QUINCY -- A U.S. Supreme Court ruling that allows states to collect taxes from online retailers is providing some additional revenue for communities as more shoppers avoid brick and mortar retails for many purchases. However, some groups are working to get online retailers, such as Amazon, pay local sales tax.
The court's decision last June in South Dakota v. Wayfair paved the way for states to collect sales taxes from online retailers.
In Illinois, "remote" online retailers that have more than $100,000 in online sales in the state, or at least 200 discrete transactions, must collect the state's 6.25% use tax.
City Comptroller Sheri Ray said use tax online retailers are paying the state of Illinois, which redistributes it to communities based on population.
The change has brought more money to the city since October. Last October, the city received $95,000 through the use tax, as opposed to $79,000 in 2017.
Through 11 months of the current fiscal year, the city has received $1.116 million, whereas last year the city had received $976,668.
"We're roughly $140,000 in use tax collections," Ray said. "That's where we are seeing that incremental growth but not in sales tax."
The city is expecting use tax returns to climb 12% in the next fiscal year.
The Illinois Department of Revenue estimated the change could bring in more than $200 million of new revenue every year.
"We just want to make sure that we can capture locally-imposed sales taxes on out-of-state retailers online," said Brad Cole, executive director of the Illinois Municipal League, which represents more than 1,200 local communities throughout the state.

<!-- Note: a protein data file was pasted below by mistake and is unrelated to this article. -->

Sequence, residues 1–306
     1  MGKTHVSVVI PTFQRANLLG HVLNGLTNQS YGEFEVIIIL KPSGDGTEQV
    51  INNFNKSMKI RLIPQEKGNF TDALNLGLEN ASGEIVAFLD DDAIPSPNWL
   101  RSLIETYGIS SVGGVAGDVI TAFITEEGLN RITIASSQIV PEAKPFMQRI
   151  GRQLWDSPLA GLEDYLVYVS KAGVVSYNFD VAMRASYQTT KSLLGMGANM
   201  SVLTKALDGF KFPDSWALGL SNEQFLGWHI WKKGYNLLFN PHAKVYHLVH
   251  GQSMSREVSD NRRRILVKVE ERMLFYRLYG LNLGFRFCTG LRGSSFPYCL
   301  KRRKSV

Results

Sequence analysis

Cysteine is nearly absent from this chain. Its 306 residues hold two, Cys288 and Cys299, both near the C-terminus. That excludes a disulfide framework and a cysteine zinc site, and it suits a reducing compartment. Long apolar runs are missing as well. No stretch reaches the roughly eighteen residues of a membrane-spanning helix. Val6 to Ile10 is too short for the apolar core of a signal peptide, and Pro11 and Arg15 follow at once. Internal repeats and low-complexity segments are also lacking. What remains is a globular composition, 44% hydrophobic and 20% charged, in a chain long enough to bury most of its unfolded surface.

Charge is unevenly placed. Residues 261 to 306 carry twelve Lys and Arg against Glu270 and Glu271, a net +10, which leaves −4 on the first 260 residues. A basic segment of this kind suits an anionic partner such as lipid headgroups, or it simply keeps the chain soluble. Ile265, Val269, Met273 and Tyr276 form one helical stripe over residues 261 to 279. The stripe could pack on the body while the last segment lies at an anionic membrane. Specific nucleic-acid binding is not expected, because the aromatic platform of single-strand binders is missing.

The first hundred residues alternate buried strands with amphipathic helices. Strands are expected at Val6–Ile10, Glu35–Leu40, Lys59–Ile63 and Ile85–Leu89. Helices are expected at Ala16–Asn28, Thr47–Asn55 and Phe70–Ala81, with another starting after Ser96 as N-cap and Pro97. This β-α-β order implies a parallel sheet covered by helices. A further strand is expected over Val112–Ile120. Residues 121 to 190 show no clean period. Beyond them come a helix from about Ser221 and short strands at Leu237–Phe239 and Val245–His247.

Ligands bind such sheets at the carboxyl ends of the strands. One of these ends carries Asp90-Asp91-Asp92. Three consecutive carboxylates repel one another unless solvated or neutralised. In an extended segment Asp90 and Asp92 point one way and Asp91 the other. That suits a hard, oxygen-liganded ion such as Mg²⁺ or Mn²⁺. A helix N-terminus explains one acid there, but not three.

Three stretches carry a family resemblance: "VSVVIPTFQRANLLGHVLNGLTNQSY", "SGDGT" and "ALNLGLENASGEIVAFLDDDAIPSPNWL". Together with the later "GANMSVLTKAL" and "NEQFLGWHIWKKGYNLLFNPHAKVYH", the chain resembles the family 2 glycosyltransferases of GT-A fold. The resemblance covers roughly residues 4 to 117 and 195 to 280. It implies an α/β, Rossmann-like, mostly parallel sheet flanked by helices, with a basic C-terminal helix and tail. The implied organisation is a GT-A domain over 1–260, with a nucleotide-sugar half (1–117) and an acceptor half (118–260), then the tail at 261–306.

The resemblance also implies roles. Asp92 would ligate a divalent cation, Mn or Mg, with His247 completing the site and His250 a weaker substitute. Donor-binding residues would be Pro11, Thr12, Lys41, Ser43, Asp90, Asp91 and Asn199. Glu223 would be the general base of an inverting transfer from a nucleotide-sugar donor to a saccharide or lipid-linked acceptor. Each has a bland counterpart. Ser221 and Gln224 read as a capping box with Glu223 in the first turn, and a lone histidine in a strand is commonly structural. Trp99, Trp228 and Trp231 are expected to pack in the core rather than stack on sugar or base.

Cole answered questions last month from members of the House Revenue and Finance Committee about how that might be accomplished.
Cole and other advocates say local governments should be allowed to collect sales taxes from online retailers. That, they say, would level the playing field for local brick-and-mortar retailers, who already must add a local tax on sales.
But opponents say trying to impose and collect local sales taxes on online purchases would be overly complicated.
"Municipalities collecting their own sales taxes would be a hideous administrative nightmare," said Rob Carr, president of the Illinois Retail Merchants Association. "I find it difficult to believe that a local municipality could either afford their own department of revenue or the hiring of a third party to do that for them."
Ray said adding a local sales tax to online purchases under current rules would be a logistical nightmare.
"The retailer would have to file sales tax returns to the state of Illinois for every single city they ship to, and that's just nearly impossible," she said.
One option, suggested by committee member Rep. Joe Sosnowski, R-Rockford, would be to create a state tax specifically for remote online retailers. The revenue would be disbursed to local governments based on an established formula.
That way, Sosnowski said, the state wouldn't have to deal with administering "a thousand different tax rates."
At least one municipality -- the City of Chicago -- already applies an extra 1% tax to remote online retailers on top of the state's 6.25%.
Carr, of the Retail Merchants Association, said he understands the pressure to include a solution in the next fiscal year's budget, but it's an issue that "has to go very, very carefully" because the Supreme Court's vote was 5-4, and it's not clear how similar future cases will be decided.
Capital News Illinois contributed to this report.